3. Costs? Fiberglas is really cheap and the typical isocyanurate board insulation (which is the product they should really be going up against but their R values are currently too low) is more expesnive, but the R-values and ability to block airflow are a lot better.

I wish them well. Hopefully all the stuff overlooked in the article is due to faulty reporting and not faulty engineering on their part.

Straight talk from Sid.
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Did anyone actually read the story? The say they are still testing it, but it doesn't release spores to trigger allergies, and they are continuing testing to see how it degrades from moisture and such. I could care less if it is eco-friendly. I was more concerned with the low cost it has.

So next time people lets actually READ what it is about, instead of just flying off the handle into tirades.
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Yeah, I read the story. It said:
"It's then dried to prevent fungal growth, making it unlikely to trigger mold and fungus allergies,"

Well, that is super-swell when it is dry, but how about when it remoistens while inside that nice dark environment? It WILL remoisten in use because in cold climates, the house's warm interior air holds a lot more moisture than the cold outside air. When it exfiltrates (some exfiltration is inevitable no matter how tight you build), the moisture condenses on wall cavity insulation. Does the nice dry petri dish spring to life?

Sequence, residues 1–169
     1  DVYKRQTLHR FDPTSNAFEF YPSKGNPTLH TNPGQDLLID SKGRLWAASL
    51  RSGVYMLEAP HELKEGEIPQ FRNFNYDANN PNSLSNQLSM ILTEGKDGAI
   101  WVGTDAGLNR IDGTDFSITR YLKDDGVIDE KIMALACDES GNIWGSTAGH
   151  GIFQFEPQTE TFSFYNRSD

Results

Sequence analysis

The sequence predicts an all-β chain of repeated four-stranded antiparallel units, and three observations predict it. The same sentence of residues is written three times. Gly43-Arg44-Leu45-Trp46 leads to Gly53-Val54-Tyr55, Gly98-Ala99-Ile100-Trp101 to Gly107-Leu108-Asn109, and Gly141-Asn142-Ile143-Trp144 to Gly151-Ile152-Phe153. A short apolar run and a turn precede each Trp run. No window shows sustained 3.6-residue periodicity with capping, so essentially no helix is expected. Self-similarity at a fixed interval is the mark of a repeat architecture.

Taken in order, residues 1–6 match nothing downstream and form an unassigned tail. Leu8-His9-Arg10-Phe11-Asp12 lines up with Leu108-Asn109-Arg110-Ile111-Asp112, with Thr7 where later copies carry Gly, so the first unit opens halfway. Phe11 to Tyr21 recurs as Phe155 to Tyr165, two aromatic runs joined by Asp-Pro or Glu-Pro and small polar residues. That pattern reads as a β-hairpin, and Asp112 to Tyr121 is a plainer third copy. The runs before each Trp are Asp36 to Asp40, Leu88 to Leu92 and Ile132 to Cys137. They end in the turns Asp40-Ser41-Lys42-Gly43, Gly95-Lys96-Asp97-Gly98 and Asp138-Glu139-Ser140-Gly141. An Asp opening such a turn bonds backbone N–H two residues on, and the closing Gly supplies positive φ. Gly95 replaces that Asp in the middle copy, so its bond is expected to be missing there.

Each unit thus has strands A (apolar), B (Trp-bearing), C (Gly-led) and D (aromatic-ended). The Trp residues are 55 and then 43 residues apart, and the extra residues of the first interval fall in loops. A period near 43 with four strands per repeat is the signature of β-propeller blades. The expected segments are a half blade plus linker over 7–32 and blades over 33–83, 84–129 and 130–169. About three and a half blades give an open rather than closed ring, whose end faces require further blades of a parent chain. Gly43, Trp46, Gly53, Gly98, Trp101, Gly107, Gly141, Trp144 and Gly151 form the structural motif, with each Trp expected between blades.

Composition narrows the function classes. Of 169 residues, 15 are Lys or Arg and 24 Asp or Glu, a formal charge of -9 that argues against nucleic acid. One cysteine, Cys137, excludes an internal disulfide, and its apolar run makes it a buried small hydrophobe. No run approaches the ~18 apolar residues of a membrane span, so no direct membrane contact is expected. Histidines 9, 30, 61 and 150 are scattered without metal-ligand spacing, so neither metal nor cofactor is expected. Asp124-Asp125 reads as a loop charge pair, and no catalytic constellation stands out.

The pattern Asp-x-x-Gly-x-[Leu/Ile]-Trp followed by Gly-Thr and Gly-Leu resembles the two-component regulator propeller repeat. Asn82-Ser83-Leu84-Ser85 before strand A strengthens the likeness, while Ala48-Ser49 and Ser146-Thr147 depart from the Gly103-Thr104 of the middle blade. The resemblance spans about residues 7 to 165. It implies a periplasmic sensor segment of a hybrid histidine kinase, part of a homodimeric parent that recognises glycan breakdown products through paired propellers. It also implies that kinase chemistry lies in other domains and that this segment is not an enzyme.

Also, while it was revealed it takes a week or two to grow to the proper thickness, how long does it take to dry thereafter? Or how much energy must be expended to dry it? More process time to add on....

Kudos for them trying, but for as long as the article was, it left a lot of questions unasked and showed everything looking really rosy. Typical greenie writing, unfortunately. I might be wrong, but I am betting their biggest challenge will be competing on throughput. Their manufacturing process relies on the growth rate of fungus and that will be difficult to scale up. They may find some specialized use for it, but I think it will be pretty hard to compete against synthetic insulations. These can be engineered for cost AND performance. "Sustainability" and "recycbility" are not really considered, and thus don't hamper the design. Since houses are (usually) built to last many decades, how important are these anyhow? Hey, who knows, maybe they'll find some niche use among the greenies... There are people who spend extra $ buying the Toyota Prius, so ANYTHING is possible! :-)
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Nice long post you jack ass.

Just a bunch of critics who dont know their ass from thier elbow. Thanks to all of you who made comments on the smell, feet??? really?? Get real!! Oh Im sorry everything doesnt smell like roses. Oh thats right when you take a crap it probably does smell like roses and peaches.

Snooty people...shame on you. That guy was just doing a project and probably was pretty happy with his success. ASSHOLES!!